It was a dark and stormy night. No, really.

It begins innocently enough.

It always does.

Like any horror tale.

The Denver map.

It looks like any city map.

Until you open it.

First time I did, I fell on the floor. Then draped it over me like a blanket.

That mother measures 3 feet by 4 feet (.91 meter by 1.21 meter).

For perspective, lemme place it on the bed and pull back until I am one with the wall and even then I cannot get the entire map into the frame:

And here’s the back side:

And where I’m staying is on the flip side while every destination is on the other side. Of course.

The yellow and white portion is the streets. We’ll return to that momentarily.

I’ve seen a lot of maps. I’ve not seen one as big as Denver’s.

This is not a map you open while driving. This is a map a child wears as a Halloween cape.

It’s not just that Denver’s map is huge and unwieldy. It’s that it’s filled with tiny little streets that go every which way into infinity.

not even a blip on the map

Notice the circular sections on the upper left. I ain’t even gonna attempt to go there. I don’t care who lives there. We’re meeting in a cafe on a major straight street.

I go nowhere without this map. Not that it makes any difference.

Tuesday I ended up on the surface streets in the commute from downtown. I didn’t mind at first. It’s one way — an important way — to get to know the feel and rhythm of a place.

Then I made a left turn.

The hallway in the horror movie that you should not have taken.

Wasn’t long before I was lost in the maze.

Had no idea where I was.

No notion of which direction I was pointing in.

No clue of where the motel was.

No one to ask.

I’d landed in a super-wealthy development where the value of a single home exceeds the GDP of Nigeria. A development that to the best of my ability I later determined to be Cherry Hill.

No where to stop for directions.

The advice received when I first arrived: The mountains are always to the west.

Well, that’s just dandy — when the skies are clear!

But they were not! It was a dark and stormy evening. The rain fell in torrents.

Just like in the movie.

And I broke down sobbing. Yes I did. Being lost and directionless is one of my nightmares. Actual nightmare in sleep time.

I pulled into the driveway of one of those uber-homes, a driveway measuring approximately half a city block, with tears streaming down my cheeks trying to orient.

I sat hoping my presence in their driveway might alarm a resident into thinking I was scoping out his place and incite him to emerge.

Or telephone the police.

Neither happened.

Instead, I remained helpless, the map useless.

I continued driving around crying and praying, crying and praying for help. Just like the film’s main character before the knife-wielding creepy guy jumps out from the shadows.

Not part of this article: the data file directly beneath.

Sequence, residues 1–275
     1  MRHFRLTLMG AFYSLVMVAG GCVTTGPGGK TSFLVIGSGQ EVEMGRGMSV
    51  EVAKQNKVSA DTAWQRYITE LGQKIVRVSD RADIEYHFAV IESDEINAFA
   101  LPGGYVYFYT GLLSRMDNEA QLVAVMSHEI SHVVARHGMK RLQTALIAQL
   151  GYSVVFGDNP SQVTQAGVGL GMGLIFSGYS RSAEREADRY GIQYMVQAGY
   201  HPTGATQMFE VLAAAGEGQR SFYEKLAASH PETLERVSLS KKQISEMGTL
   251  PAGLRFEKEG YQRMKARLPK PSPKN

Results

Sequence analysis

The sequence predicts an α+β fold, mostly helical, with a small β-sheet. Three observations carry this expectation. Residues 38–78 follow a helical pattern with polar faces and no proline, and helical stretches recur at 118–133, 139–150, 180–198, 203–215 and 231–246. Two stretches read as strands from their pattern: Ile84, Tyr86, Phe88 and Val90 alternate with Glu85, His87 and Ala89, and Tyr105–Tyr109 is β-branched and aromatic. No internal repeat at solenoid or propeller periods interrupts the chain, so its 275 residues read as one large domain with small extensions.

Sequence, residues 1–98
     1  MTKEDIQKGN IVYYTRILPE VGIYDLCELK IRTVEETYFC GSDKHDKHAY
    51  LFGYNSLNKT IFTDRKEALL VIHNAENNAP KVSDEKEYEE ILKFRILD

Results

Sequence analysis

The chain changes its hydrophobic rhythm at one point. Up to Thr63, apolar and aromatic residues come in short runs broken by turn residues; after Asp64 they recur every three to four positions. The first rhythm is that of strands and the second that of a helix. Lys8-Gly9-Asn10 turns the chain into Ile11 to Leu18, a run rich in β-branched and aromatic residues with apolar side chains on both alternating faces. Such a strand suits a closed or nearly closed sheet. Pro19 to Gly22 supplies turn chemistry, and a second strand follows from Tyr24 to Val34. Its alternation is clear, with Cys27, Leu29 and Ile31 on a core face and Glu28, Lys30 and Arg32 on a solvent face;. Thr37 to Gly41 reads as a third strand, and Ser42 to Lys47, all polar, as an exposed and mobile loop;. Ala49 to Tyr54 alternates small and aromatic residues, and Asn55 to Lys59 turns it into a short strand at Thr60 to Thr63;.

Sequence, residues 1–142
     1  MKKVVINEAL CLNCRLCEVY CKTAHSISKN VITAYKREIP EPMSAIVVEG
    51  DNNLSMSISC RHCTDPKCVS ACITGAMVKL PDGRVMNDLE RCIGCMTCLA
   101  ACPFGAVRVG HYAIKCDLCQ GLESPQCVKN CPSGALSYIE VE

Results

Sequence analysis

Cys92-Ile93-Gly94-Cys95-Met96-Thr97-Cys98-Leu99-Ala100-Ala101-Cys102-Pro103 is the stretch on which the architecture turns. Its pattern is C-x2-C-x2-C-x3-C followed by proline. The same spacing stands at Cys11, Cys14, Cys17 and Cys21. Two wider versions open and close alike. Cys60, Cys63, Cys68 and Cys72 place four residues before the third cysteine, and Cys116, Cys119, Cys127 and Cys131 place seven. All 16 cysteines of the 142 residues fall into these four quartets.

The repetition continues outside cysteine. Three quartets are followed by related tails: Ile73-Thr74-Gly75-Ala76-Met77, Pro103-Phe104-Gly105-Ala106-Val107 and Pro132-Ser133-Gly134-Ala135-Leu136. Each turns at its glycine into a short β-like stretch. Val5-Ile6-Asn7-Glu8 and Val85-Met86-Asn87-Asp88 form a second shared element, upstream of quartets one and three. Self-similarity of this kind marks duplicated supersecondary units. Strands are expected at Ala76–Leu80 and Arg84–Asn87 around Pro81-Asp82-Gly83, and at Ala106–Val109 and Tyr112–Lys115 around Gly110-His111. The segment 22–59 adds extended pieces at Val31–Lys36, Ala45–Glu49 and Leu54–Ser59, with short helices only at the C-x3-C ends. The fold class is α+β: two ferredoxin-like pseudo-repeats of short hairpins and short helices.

Only the guy who appeared had neither scar-embedded face nor blade. At the stoplight — bless the stoplight! — I lowered my window. He must’ve seen the abject teary panic painted on my face because he lowered his.

“What direction is blah-blah?” I pleaded.

He pointed. I thanked him profusely and went on my way.

Mind you, my predicament was far from over. I was still woefully and desperately lost but had gained a footing. I was no longer clutching the window sill with my chewed nails, dangling over the vast black void chomping its fanged jaws in anticipation.

At the first sign of civilization I pulled in. A supermarket. An oasis in the desert. Where the Starbucks’ lady, patting my arm in response to my distress, and young male clerk with his smart phone (god I must myself one!) together got me pointed in the right direction WITH directions.

Still in the thunderstorm. Because in horror movies, the rain never abates now does it.

Like the heroine, I did make it back alive.

Only to turn to leave 15 minutes later to view a room clear across town in the other direction.

I got a bit lost. But nothing like the 1-1/2-hour nightmarish attempt to traverse 10 miles of the Denver streets.

Remember the aforementioned yellow and white portion, approximately 2+ feet by 4 feet?

Those are the street names. You might as well be reading a friggin’ phone book! With a magnifying glass. Borrowed from Mr. Mustard. With the pipe. In the parlor.

{fade to black}

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9 Comments (+add yours?)

  1. Invictus
    Jul 16, 2011 @ 14:09:03

    Yeah, the last time I was in Denver, the family and I had an exciting time trying to escape the city. We got off onto the surface streets at about 10 at night, and drove around the city center for a while, trying to regain the freeway, any freeway. It was like Canavan’s back yard, except with stoplights. Then again, we were in no hurry, so there wasn’t any pressure. Still, Denver’s the second-hardest city I’ve ever tried to get around in; only Seattle was worse.